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Poor Nutrition in the Developing World

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How important is getting the right kind of food? According to a World Bank report, it's very important, perhaps more important than previously assumed.

The report warns that young children who don't eat enough food, or more specifically, children who don't eat enough of the right kind of food, suffer lasting damage. At aged two and under, the children are underweight and underdeveloped. They are more susceptible to disease, and may also suffer from health problems later in life. They generally have lower intelligence levels. This leads to malnourished children who, as they get older, are more likely to drop out of school and earn less money as adults. In some drought affected regions of Africa, for example, the number of hungry children hovers as high as 30%. But India, Southeast Asia, and parts of South America face similar problems.

Although the news proves alarming on a humanitarian level alone, there are economic implications, too. Combating malnutrition absorbs as much as 3% of a developing country's annual GDP, the same report indicates. When you take into account an annual growth rate of two or three percent for many of these countries, reducing the number of malnourished could then help double their economic growth. Yet many developing countries and international aid organizations are failing to take effective action.

Rather than simply provide more food, the World Bank report suggests establishing educational programs in health and nutrition for mothers with young babies. It also recommends more sanitary living conditions and improvements in health care.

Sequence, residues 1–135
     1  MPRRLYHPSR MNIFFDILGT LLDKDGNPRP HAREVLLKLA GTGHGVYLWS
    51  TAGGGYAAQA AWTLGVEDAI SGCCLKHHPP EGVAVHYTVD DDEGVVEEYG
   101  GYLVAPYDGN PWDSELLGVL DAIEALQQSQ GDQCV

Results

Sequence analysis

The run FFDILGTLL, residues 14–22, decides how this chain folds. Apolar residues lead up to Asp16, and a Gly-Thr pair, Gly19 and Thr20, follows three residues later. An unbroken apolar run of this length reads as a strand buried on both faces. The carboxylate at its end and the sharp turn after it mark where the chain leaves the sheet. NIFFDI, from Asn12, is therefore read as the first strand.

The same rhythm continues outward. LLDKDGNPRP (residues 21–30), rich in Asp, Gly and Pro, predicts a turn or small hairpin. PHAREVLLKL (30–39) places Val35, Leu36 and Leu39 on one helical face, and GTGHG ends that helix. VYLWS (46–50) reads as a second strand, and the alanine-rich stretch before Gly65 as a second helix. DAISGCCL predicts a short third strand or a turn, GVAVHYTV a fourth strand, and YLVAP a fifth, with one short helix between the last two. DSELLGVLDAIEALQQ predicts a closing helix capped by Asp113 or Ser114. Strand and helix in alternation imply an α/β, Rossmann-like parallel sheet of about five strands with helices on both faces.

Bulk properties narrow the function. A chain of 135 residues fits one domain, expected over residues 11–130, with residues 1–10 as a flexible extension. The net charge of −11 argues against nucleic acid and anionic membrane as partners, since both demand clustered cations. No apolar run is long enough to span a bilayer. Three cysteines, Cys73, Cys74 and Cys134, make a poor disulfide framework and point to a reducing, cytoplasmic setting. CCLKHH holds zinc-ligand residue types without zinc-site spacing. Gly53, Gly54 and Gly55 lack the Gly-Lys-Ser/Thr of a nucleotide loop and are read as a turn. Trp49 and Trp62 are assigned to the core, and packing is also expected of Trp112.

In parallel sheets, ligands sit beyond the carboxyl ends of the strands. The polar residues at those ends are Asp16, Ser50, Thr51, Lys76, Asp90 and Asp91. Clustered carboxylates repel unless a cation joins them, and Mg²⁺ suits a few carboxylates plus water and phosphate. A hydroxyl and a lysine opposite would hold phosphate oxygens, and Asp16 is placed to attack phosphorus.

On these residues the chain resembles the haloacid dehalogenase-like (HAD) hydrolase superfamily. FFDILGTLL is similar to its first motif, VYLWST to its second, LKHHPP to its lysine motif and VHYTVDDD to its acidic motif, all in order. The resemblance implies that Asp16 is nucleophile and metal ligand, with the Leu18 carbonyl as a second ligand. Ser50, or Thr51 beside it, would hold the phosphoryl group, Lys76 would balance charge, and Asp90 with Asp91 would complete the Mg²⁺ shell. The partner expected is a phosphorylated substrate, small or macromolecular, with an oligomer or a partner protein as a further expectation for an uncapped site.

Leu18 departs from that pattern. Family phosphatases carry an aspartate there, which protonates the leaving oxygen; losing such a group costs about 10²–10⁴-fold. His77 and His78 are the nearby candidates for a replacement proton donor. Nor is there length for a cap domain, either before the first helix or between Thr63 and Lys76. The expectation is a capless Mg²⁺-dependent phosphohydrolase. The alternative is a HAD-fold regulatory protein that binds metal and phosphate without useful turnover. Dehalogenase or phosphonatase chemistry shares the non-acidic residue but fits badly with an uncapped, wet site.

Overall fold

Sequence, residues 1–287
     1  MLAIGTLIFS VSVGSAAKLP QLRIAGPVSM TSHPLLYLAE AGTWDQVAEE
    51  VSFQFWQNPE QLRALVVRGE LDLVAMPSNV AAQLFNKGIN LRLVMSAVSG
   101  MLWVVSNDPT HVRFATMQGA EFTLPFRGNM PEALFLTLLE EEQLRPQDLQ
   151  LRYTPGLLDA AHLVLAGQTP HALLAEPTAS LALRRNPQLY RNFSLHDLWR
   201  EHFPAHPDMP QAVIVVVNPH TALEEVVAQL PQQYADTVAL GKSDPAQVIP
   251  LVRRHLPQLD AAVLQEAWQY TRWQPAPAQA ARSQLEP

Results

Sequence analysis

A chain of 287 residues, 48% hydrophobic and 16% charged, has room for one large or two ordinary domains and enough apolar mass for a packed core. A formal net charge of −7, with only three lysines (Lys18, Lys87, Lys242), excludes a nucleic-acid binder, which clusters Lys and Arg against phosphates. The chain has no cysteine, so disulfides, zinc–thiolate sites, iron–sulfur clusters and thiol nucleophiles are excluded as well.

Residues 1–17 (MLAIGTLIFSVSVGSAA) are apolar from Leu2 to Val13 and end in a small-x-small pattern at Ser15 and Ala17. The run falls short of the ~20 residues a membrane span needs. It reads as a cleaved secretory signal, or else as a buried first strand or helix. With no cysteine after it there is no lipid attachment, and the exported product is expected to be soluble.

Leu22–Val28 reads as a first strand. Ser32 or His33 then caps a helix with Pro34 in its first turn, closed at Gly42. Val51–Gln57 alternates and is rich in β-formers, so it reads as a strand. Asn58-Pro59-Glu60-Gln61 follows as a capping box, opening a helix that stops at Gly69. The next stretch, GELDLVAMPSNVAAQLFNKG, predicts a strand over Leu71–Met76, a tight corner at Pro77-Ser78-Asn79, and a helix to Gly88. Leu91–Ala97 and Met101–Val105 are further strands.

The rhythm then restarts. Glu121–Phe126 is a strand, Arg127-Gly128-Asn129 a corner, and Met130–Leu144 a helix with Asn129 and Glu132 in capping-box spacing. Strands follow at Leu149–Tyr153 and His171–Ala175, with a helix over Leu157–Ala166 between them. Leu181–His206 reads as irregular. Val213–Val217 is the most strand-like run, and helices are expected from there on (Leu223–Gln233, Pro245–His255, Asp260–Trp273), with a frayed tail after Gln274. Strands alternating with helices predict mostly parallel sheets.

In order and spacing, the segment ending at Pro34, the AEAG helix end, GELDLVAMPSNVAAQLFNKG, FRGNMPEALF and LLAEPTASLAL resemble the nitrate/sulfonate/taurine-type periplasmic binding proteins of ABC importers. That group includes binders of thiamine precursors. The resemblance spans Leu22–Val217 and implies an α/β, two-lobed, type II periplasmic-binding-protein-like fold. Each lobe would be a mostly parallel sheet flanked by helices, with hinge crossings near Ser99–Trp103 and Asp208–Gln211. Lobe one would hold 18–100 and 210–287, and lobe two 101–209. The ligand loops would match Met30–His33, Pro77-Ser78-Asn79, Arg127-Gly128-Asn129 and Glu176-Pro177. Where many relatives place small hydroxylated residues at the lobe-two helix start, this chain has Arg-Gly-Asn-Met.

Preview some of the lesson material:

Title: Speculate and/or discuss the contents of today's article from its title: "Poor Nutrition in the Developing World."

Fill in the Blank: Fill in the blank with the correct word.

  1. Children who don't get the proper food (                         ) from malnutrition.
  2. There can be (                         ) damage for children who don't eat the right kinds of food.
  3. Hungry people are more (                         ) to disease.
  4. Children who are (                         ) are more likely to drop out of school.
  5. (                         ) is a serious problem in some parts of Africa, affecting the people's food supply.
  6. Malnutrition's harmful effects are alarming for any (                         ).
  7. There are economic (                         ) for countries with large numbers of poor and hungry.
  8. The report (                         ) that 3% of a country's GDP goes towards fighting malnutrition.
  9. More programs about health and (                         ) need to be set up.
  10. The report recommends better (                         ) conditions.

post-Comprehension: Talk about the following questions in pairs/groups. Remember to support your answers!

  1. Do you ever think about the poor and the hungry of the world?
  2. What can be done to fight malnutrition?
  3. Who should fight malnutrition, the first world with massive economies, or countries where the problem exists?
  4. Could a problem like this happen in your country?
  5. What will be done to help because of this report?

Google Search: Type "malnutrition" into Google. Look at the websites, and/or read additional articles on this topic. Discuss or write an essay about your findings.

Download the lesson:



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